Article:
Hey, just a really quick gloss over the basics of how to create three dimensional space in your composites.
I’m going to show you how to take your image from a boring 2D image like this, and turn it into a totally awesome 3D one like this (slide to see the impact of going the 3D and depth route)
Here is a video of how it’s done, if you prefer to follow a written tutorial just scroll down a bit
It essentially boils down to using Gaussian Blur to match the depth of field within the image to create a 3D space allowing us to focus among the chaos! The closer the object is, the blurrier it is, the further away, the blurrier too! Though of course, this is entirely down to the aperture the image was shot in and of course where it was focused within the shot. Using this technique you can really start to create some thick / dense images!
Step 1: Have your image ready before applying any textures on it (I am going to use IMS textures here):
Step 2: Import your desired effect (I wanted to use dust and note sheets), if you don’t know how to do this what I usually do is “File>Open>OPEN FILE YOU WANT>Use the move tool to drag the newly opened image into the other tab where you are currently working.
Step 3: Change the blend mode to “Screen” to get rid of the black background (SO SIMPLE!).
Step 4: We want to remove the dust in the blue circle (because the dust would be coming from the hole).
Step 5: Click the “Layer Mask” button at the bottom right of the screen and this will create a white “visibility mask” on your current layer.
Step 06: Make sure you click on the layer mask to select it, then paint with a BLACK brush on the areas you wish to make invisible (that you don’t want to see). Don’t worry about this screen shot being white and black, for you it will just look like you are erasing the dust / special fx away. I simply made this image to show you what you are doing “behind the scenes”.
Step 07: Press CMD (CTRL on windows) + U to bring up the Hue/Saturation box, here you can click on “Colorize” (#1) to allow you to change the colour of your effect, I went for a sandy colour to match the guitar and the lighting that would be bouncing off the wood. Make sure you select the actual layer again and that you’re not on the layer mask from earlier (#2).
Step 08: Add some motion blur to the effect by going to Filter>Blur>Motion Blur, pay attention to the direction of the dust and where it’s traveling! (#3)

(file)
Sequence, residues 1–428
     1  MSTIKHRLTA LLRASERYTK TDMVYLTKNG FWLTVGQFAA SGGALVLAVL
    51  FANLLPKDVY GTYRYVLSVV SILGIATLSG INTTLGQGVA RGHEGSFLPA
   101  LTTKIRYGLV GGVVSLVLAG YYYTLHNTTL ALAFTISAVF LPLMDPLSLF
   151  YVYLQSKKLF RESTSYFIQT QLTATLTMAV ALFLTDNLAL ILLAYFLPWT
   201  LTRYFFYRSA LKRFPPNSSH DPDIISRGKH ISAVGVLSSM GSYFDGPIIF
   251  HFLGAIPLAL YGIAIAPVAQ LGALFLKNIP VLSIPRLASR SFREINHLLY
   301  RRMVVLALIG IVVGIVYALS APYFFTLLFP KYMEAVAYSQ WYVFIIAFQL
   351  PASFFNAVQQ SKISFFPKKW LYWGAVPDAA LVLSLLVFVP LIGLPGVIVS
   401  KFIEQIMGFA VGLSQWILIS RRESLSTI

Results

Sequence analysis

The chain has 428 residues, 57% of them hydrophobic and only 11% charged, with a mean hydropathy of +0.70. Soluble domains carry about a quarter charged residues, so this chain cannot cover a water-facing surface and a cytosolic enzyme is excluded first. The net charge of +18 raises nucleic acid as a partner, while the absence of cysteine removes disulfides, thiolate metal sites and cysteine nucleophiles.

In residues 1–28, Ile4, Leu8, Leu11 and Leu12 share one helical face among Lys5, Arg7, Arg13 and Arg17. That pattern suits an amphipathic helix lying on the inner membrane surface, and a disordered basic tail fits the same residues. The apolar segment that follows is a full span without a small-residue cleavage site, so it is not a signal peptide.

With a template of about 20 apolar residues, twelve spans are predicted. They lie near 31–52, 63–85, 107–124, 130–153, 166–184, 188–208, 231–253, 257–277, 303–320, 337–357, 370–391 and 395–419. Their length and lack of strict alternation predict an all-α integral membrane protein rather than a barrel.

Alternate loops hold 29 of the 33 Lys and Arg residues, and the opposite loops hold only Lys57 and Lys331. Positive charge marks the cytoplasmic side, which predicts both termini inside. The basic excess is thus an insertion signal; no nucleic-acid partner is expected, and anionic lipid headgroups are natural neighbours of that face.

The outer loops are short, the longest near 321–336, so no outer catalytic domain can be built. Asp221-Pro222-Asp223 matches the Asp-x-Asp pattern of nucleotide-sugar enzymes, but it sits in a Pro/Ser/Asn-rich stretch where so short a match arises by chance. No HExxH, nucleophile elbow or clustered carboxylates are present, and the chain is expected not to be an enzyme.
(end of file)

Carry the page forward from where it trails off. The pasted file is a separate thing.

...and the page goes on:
Step 09: Lower the opacity (#4) if desired to help the effect blend in better.
Step 10: Repeat the above steps with more dust until you achieve the amount desired.
Step 11: Use the exact same techniques above to add in your note sheets (drag, position, screen blending mode).
Step 12: Don’t forget to set your layer blend mode to “screen” to get rid of the black. Next we clean up anything out of place, as you can see from the blue outline near the guitar hole, a piece of paper is visible when it should be behind the guitar, so add your layer mask and paint black over that sucker to get rid of it!
Step 13: Add in more sheets for a “close to the camera” layer, these sheet needs to be bigger (closer to the camera) and blurrier (further from the focus point in this particular shot.
Step 14: Add our motion blur again, but this time make it more extreme as the sheets are closer to the camera / our eyes so it would appear to be moving much faster!
Step 15: Match the focus to the scene (circled in blue) to make it more believable. For this use Gaussian Blur, found at Focus>Blur>Gaussian Blur.
Step 16: Repeat the motion blur and Gaussian blur with the rest of the sheets to get it all matching where they are placed in the scene (blurrier the further away from the focus point and more motion blur the closer to the camera, less motion blur further away from camera.
Step 17: Repeat this process for the “Back” sheets. Remember to have less motion blur as it’s further from the camera and the motion would be perceived as less. Think about when you’re in a car and you look outside the window, the road looks crazy fast but the distance looks like it isn’t moving.
Step 18: Toning, here I raised the blacks but I didn’t want the image to become brighter, so I simply matched both of the numbers in levels to not only raise the black point reference but also the output.
Here I added a purple fill and am about to blow your brains with a great tip I picked up from Barrington Russel! (Also the dude who got me into Capture One!).
Set the blend mode to “Exclusion” and this is where the fill automatically creates complementary colours for you :O
Set the opacity right down or to taste.. I opted for a humble 21%.
For final toning I added a curves (#6) adjustment layer (#5) to add a custom vignette to the image.
Drag the Curves center point down a touch.
Add a layer mask (like before) and paint with a brush in “BLACK” over what you want to be brighter / the eyes to be drawn to, I wanted to focus the eyes on the music “exploding from the guitar” so I painted over them (circled in blue) to make the darkness of curves “invisible” (essentially giving us the old brightness back).
Step 19: Exporting out is simple (har har for what’s ahead), hold CMD+OPTION+SHIFT / (CTRL+ALT+SHIFT) and press S to bring up the “Save For Web” box, alternatively you can find it under File>Export. Make sure you have Quality (#7) set to 70%, Image Size (#9) set to 2048px and the second Quality set to Bicubic Smoother. I know you’re thinking where on earth is #8? And I wish I could tell you, I just literally do not know. I think 7,9 and 10 must’ve painted a layer mask over the poor guy!
So there you have it! A complete guide on how to nail those future composites depth and believably! I really hope you enjoyed the article
About The Author
Joseph Parry is a photographer and digital artist based in Cinderford, United Kingdom. You can check out more of his work on his Instagram.
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